William T. Cavanaugh, Being Consumed: Economics and Christian Desire (Grand Rapids, MI: Wm. B. Eerdmans Publishing Company, 2008), 103 pages, $10.11 paper. Click here to buy Being Consumed from Amazon.com and to help support The Other Journal.

People everywhere are being forced to pay attention to the transnational economy these days, and they are asking questions about the meaning of production and consumption in the brave new world of the twenty-first century. Though the Christian is to ask such questions from the vantage point of belief and practice, especially the practice of worship, it is rarely deemed that such faith has anything to do with the market. Fortunately, there is a contemporary Virgil to guide Christians through this postmodern inferno and purgatory, none other than William Cavanaugh, author of Being Consumed.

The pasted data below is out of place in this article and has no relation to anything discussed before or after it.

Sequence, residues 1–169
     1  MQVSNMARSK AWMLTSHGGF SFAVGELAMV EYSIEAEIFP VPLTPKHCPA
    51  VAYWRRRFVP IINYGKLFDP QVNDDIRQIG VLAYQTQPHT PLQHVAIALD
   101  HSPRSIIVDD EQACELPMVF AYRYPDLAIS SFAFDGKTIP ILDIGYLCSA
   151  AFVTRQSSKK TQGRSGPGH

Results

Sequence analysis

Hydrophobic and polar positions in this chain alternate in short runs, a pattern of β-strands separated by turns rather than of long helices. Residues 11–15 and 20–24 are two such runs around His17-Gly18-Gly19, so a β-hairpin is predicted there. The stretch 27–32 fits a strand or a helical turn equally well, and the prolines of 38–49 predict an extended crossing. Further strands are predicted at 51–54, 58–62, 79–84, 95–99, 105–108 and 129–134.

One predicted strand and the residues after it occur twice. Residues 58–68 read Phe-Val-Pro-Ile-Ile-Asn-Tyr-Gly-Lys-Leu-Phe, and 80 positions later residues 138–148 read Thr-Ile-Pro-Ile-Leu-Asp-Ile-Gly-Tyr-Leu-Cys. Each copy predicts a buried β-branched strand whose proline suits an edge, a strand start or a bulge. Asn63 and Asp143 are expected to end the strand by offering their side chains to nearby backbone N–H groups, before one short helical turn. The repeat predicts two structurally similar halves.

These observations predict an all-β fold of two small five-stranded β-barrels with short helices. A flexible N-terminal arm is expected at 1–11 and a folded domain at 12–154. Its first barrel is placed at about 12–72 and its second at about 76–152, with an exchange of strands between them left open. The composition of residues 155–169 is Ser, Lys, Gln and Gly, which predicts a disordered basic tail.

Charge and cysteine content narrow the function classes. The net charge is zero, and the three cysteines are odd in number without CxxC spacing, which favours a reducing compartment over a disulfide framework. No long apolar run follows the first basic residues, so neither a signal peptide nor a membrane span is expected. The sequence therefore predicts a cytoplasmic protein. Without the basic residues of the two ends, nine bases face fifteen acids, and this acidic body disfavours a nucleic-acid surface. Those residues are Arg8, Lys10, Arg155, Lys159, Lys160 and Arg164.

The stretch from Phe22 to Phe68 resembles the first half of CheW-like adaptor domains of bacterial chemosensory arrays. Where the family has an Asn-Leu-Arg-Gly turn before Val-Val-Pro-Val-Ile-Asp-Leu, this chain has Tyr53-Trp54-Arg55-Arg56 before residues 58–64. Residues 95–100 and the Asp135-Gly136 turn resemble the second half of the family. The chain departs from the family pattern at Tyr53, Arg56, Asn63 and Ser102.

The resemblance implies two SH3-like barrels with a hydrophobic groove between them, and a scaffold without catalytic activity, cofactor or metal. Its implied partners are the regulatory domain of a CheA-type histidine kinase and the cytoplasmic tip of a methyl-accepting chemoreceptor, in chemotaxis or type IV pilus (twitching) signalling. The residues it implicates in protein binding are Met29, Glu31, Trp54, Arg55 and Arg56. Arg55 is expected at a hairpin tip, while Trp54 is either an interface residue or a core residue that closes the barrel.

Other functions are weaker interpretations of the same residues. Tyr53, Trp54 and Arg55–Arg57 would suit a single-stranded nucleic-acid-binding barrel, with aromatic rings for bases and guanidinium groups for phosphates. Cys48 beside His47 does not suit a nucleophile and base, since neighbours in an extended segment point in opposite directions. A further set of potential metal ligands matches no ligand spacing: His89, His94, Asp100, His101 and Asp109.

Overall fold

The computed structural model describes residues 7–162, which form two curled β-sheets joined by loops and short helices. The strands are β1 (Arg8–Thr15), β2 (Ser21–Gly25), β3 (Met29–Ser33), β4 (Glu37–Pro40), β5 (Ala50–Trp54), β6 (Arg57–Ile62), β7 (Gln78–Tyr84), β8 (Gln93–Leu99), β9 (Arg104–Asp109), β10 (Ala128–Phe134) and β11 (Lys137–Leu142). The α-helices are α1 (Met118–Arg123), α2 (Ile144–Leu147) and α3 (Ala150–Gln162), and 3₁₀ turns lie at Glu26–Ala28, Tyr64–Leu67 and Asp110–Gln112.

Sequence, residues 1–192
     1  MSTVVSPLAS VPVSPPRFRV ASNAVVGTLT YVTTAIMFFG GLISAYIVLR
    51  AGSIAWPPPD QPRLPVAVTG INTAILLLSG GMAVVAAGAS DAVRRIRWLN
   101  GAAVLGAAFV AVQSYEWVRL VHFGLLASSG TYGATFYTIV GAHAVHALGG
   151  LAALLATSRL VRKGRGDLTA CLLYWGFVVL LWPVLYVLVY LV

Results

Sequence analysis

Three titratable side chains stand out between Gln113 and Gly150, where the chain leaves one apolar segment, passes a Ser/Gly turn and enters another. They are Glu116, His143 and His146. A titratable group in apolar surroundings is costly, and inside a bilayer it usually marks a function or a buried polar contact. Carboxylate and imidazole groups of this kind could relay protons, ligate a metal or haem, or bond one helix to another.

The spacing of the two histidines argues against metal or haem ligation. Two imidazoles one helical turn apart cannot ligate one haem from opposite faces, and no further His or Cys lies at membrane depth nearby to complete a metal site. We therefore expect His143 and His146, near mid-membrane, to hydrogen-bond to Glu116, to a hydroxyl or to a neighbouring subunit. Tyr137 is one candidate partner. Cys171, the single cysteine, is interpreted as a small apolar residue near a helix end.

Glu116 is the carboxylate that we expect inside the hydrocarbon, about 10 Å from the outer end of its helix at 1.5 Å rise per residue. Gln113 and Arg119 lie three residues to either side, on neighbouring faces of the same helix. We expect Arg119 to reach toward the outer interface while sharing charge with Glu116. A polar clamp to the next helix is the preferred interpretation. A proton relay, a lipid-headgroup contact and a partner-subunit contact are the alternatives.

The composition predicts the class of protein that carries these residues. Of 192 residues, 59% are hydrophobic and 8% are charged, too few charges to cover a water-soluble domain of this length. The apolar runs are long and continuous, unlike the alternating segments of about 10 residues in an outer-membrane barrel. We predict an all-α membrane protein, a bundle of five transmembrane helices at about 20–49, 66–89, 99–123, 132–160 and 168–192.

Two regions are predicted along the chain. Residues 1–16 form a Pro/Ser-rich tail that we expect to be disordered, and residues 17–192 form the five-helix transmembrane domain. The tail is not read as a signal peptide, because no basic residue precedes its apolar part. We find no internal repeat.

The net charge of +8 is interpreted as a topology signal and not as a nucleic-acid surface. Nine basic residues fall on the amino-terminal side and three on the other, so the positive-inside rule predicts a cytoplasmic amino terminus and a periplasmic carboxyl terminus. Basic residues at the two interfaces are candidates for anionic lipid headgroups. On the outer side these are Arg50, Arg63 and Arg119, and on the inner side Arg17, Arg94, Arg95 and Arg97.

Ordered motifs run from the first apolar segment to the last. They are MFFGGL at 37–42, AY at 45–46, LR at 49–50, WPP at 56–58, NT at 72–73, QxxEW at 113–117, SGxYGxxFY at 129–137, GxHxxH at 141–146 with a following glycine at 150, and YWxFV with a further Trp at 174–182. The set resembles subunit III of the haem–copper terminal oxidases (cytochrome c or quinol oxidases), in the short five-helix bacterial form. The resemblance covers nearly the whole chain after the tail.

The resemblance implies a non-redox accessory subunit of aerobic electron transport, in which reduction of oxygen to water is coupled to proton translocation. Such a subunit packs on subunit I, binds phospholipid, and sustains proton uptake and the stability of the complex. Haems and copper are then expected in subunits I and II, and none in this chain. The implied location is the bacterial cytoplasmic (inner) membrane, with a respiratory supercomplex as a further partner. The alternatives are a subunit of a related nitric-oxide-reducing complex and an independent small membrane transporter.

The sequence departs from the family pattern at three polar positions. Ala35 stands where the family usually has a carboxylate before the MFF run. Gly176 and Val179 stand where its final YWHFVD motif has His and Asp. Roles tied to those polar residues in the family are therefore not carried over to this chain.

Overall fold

The subtitle of this little book—“Economics and Christian Desire”—describes a theme that resonates throughout the book. Nothing seems more self-evident to the modern person than desire and the apparent failure of one’s life to satiate desire. Nevertheless, one talk show host after another introduces the author of yet another self-help book, yet another claim that purchasing, reading, and following his or her twelve steps will satiate all longings for happiness. Cavanaugh’s Augustinian examination of human desire, its true end, and its many economic perversions, however, explains why the pursuit of happiness under capitalism is, necessarily, as unending and insatiable as greyhounds in hot pursuit of a fake rabbit.